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how_-much_to_chargeI received an article with this information and wanted to share. Although I didn’t use Reedsy for editing and my book cover, I found I fell within most of the pricing ranges.

One thing I didn’t see on this infographic was the Q&A time with the editor. I certainly had questions as I moved through the process and the last thing I wanted was to be left hanging if my editor said, “this doesn’t work in the plot.” I’ve worked with previous editors who would make a comment and instead of being able to ask a few questions you had to make the changes, submit, and pay again. I’m not clear what Reedsy offers, but if you’re looking for an editor, it’s an important topic to ask about.

By Maryann Yin on May. 2, 2016 Reedsy Self-Publishing Infographic (GalleyCat)

Until Next Time…


I love this infographic and wanted to share.

My Etch-A-Sketch Life

Great blog and Infographic that I wanted to share from Derek Murphy.  I think this is a great summary on what to do as well.  Take a peek below and check out the full blog via the link, good points well made; certainly worth your time.

In the comments below let me know what else Indie Authors are doing right or wrong – let’s add to the list.

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I wrote an article a year ago about what I see most self-publishing authors doing wrong. They’re still doing it. So I made a new post… with a big infographic. If you want to help indie …

Source: 10 things indie authors are doing wrong (and 7 things they’re doing right) | Creativindie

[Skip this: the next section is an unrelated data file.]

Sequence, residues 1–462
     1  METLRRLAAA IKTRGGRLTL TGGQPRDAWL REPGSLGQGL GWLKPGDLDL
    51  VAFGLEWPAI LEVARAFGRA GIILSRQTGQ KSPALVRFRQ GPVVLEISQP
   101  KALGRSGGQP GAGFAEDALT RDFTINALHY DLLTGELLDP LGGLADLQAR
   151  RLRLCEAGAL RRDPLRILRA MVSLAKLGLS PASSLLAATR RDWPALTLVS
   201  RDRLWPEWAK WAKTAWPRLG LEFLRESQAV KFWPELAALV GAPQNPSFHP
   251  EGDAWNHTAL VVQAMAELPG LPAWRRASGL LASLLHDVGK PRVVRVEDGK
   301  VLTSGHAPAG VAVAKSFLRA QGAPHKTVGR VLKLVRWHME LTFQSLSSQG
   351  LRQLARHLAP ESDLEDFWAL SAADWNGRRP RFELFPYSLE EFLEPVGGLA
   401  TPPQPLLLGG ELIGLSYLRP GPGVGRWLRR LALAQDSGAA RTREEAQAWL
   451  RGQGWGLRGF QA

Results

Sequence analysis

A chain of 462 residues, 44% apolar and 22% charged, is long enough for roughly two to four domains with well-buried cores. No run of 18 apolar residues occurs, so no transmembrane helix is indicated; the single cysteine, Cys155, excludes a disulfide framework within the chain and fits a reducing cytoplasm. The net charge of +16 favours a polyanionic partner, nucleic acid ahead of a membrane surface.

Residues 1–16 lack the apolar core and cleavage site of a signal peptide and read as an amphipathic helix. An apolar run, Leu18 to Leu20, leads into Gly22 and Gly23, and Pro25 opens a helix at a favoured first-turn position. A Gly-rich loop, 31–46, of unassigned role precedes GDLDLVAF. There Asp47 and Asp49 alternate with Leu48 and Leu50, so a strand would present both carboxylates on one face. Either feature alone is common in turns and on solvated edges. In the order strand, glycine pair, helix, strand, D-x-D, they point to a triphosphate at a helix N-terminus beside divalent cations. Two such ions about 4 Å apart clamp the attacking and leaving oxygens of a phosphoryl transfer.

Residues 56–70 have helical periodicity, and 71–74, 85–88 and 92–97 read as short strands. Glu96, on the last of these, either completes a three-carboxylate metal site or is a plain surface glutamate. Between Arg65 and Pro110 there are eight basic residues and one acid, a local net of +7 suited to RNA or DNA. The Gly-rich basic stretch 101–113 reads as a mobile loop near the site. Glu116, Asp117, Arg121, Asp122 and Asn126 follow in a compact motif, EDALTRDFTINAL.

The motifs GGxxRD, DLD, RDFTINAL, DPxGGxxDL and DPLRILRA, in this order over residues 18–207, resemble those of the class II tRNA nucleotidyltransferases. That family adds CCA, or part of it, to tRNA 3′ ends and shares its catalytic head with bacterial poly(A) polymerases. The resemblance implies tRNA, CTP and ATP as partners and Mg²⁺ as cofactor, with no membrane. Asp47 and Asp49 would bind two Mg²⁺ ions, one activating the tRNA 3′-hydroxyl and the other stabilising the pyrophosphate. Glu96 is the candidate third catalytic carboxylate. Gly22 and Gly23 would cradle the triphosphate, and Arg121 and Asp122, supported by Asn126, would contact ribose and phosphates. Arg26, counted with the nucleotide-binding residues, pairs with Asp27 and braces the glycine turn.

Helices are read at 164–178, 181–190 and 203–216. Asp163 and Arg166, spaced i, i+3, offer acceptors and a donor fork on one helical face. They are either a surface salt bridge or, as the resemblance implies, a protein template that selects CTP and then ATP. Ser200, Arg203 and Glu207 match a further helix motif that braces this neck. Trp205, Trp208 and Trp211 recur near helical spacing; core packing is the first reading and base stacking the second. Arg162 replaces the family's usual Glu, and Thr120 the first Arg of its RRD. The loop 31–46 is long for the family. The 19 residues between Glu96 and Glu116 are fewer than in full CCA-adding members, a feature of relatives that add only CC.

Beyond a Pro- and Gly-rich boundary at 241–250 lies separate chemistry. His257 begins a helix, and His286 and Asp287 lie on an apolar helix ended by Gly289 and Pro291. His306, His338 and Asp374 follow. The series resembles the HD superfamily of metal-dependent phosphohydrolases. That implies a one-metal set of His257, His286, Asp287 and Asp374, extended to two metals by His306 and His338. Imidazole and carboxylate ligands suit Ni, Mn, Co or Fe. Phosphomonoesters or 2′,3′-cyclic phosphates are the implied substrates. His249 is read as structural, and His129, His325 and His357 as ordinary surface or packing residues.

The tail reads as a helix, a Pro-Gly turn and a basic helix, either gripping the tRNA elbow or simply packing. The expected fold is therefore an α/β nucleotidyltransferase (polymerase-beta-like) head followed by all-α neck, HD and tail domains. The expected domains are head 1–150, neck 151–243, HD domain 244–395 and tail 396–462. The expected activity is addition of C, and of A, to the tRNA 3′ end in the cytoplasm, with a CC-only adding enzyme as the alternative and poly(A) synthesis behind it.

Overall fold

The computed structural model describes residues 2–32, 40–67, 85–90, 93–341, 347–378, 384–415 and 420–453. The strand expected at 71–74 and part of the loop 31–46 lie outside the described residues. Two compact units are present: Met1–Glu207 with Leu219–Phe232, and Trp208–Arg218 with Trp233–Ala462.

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A great review of my short story:)

Silver Threading ~ Fairy Whisperer

Tears in the Sun

  • Title:  Tears in the Sun, A Short Story
  • Author: J. A. Owenby
  • File Size: 439 KB
  • Print Length: 16 pages
  • Page Numbers Source ISBN:
  •  Publisher: J. A. Owenby
  • Publication Date: December 25, 2013
  • Sold by Amazon Digital Services LLC
  •  Language: English
  • ASIN: B00HBZOKY4
  • Formats:  Kindle
  • Goodreads
  • Genres: Women’s Fiction, Drama, Teen & Young Adult, Parenting & Relationships

*The author gifted me a copy of this book in exchange for an unbiased review which follows*

From the Author, J. A. Owenby:

“A Short Story – Lacey, a senior in high school, has never heard of borderline personality disorder yet she lives with it every day. As she begins realizing her family isn’t as normal as she thought, she searches for help and answers. Those answers turn her world upside down, and she is left with making life changing decisions for not only herself but her mentally ill mother who she…

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Lacey kind of

I haven’t actually written a post for a while, but I hope everyone has enjoyed the reblogs.

If you follow my FaceBook page you know I’ve been busy running through edits with my editor and that the title of my novel changed from “Hidden Tears” to “The Truth She Knew”. My editor felt the new title encompassed the story on a much deeper level.